• The impact on people’s use of time and attention
  • The increase in the velocity of information
  • The changing nature and availability of information venues
  • The compelling vibrance of virtual environments
  • The improved relevance of information results
  • The participatory nature of information exchanges

Beyond ‘New’ Literacies, A Special Themed Issue from Digital Culture & Education

Digital Culture & Education latest issue looks beyond “new” literacies.  DCE is an international inter-disciplinary peer-reviewed journal, that is interactive, open-access web-published journal is for those interested in digital culture and education. It is apparent right from the introduction by Dana J. Wilber that this is a must read for anyone interested in transliteracy

In fact, new literacies change so quickly, they can be thought of as deictic, or dependent on the context on which they are used at the moment they are used (Leu et al. 2004, p. 1591): “Today, technological change happens so rapidly that the changes to literacy are limited not to technology, but rather by our ability to adapt and acquire the new literacies that emerge”. Deixis, a linguistic term, relates to words such as “now” or “here”, that are understood completely in context – what is “now” means something completely different five minutes later from when it was first uttered. From a research standpoint, deixis means we must research and understand new literacies as they are happening, as users adopt new technologies and make them a part of their lives. These new literacies span the multiple spaces—education, family, leisure, private, public, work—of our lives, and are embedded in our daily activities (Coiro et al., 2008). New literacies change faster than traditional literacies because of the rapidity of technological change; what it means for someone to be a Facebook user now may be very different two days or two weeks from now, as changes to the technology or to the user’s life occur.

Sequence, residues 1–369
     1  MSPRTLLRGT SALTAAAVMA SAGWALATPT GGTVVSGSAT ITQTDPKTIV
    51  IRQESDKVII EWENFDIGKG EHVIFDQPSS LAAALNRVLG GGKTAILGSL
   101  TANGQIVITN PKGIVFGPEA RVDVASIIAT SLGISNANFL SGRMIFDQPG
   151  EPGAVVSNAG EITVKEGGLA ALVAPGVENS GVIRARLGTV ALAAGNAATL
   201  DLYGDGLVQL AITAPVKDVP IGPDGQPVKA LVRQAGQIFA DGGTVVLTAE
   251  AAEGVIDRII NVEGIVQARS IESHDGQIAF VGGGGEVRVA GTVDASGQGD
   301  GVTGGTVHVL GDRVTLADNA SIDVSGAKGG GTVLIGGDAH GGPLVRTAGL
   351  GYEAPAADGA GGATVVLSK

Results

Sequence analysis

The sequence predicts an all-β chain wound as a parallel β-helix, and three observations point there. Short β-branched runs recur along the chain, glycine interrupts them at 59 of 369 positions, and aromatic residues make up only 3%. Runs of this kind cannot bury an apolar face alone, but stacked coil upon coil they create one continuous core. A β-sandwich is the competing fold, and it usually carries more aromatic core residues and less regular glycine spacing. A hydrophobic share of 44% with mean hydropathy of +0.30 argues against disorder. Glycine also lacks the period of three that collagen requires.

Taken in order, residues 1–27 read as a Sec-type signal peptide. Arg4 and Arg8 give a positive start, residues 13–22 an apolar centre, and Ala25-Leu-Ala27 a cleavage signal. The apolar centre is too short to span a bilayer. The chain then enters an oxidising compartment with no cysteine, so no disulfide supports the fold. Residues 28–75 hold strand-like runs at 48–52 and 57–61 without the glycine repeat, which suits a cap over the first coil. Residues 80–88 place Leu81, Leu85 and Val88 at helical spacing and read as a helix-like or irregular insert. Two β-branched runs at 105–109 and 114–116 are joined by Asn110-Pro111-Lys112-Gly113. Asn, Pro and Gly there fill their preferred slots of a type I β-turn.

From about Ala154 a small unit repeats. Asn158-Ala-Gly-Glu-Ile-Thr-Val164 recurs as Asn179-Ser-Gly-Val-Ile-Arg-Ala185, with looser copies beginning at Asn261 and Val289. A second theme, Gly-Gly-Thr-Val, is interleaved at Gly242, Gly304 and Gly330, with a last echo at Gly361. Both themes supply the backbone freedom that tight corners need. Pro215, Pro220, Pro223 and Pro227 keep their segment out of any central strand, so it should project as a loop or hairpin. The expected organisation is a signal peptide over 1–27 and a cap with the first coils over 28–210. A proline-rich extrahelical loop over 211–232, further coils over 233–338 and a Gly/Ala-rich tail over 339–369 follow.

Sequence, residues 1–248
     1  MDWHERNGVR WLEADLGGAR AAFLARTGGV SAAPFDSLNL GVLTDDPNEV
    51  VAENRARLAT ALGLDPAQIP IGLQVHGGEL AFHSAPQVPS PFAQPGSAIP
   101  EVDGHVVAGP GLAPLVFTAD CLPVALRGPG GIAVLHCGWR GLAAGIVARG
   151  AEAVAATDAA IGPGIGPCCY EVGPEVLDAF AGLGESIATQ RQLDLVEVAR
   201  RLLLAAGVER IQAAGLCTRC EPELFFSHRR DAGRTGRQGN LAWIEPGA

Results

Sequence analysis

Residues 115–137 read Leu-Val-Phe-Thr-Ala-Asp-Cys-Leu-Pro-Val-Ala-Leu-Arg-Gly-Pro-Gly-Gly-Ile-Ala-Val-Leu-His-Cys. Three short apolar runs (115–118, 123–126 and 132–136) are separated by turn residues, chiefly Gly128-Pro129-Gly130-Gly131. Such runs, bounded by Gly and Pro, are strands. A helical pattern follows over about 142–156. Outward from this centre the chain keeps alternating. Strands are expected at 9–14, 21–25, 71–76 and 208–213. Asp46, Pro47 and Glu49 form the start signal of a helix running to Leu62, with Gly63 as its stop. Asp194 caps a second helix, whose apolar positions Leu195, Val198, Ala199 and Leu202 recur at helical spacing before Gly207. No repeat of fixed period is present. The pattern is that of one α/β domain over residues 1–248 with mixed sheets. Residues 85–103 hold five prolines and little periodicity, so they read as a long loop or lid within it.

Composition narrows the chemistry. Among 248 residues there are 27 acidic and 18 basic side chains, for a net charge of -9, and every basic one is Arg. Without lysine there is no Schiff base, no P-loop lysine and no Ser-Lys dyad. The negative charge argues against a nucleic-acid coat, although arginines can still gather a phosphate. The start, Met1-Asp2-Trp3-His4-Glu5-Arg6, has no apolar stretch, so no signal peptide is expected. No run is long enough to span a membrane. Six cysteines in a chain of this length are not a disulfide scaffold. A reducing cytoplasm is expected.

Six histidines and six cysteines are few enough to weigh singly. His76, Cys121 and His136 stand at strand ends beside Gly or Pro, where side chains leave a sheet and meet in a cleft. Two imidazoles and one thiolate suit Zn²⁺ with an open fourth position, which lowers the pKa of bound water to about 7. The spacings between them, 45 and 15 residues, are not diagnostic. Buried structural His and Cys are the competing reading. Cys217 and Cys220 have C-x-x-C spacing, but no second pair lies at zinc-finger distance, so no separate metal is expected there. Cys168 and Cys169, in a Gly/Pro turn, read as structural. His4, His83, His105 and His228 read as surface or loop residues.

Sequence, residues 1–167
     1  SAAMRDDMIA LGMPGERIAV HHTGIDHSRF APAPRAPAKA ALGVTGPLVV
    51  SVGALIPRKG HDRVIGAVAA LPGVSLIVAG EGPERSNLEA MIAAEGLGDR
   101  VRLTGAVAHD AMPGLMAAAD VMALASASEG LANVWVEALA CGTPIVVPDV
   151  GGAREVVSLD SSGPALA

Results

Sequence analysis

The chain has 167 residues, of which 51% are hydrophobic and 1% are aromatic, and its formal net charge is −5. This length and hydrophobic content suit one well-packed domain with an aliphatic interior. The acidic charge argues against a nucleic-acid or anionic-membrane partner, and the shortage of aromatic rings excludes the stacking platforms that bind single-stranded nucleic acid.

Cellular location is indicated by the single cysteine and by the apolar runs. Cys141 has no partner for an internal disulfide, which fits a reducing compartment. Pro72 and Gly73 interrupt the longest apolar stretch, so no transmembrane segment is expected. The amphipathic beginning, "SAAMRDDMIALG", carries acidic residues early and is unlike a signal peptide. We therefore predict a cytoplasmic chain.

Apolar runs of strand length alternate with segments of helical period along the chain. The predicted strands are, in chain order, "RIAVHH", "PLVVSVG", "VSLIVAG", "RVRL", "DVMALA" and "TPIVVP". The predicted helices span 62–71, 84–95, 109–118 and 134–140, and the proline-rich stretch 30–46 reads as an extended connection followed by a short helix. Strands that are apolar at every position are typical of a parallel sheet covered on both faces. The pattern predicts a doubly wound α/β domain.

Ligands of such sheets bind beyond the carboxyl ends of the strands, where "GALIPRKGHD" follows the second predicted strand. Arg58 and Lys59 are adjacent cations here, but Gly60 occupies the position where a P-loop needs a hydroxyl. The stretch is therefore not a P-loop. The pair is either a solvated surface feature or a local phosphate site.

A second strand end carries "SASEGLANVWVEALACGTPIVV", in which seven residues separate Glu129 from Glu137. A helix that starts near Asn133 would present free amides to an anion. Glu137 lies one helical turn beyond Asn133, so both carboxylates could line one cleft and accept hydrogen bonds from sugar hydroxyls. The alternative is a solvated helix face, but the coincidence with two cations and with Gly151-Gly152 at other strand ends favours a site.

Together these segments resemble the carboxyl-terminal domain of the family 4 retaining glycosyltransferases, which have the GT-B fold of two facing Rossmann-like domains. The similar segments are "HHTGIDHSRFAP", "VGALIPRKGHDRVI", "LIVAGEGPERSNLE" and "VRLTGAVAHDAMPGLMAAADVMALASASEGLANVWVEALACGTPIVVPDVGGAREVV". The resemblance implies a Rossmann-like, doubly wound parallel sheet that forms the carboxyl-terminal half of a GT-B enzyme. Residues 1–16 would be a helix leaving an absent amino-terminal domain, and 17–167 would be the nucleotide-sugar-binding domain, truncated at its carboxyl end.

This special issue, entitled “Beyond new literacies,” seeks to broaden the conversation around new literacies research by extending the possibilities to include multiple lenses and research perspectives. Here we mean “beyond” as “in addition to” – in the sense of adding to the conversation between new literacies research and other theoretical and methodological frames that will enrich the study of new literacies. It is a call to augment a complex field. As Coiro et al (2008, p. 12) write in the Handbook of Research on New Literacies: Research questions on the new literacies of the Internet and other digital technologies take place in contexts that are far too complex and too rich for any single perspective to account for all that is taking place. We believe that to understand these new literacies will collectively require us to bring multiple sets of perspectives to research on new literacies.

Even better because it is open access all of these article are available online for you to read!

  • The Language Of Webkinz: Early Childhood Literacy In An Online Virtual World
  • Classroom Uses Of Social Network Sites: Traditional Practices Or New Literacies?
  • Talking Past Each Other: Academic And Media Framing Of Literacy
  • Education Remix: New Media, Literacies, And The Emerging Digital Geographies
  • Digital Technologies And Performative Pedagogies: Repositioning The Visual
  • Improvable Objects And Attached Dialogue: New Literacy Practices Employed By Learners To Build Knowledge Together In Asynchronous Settings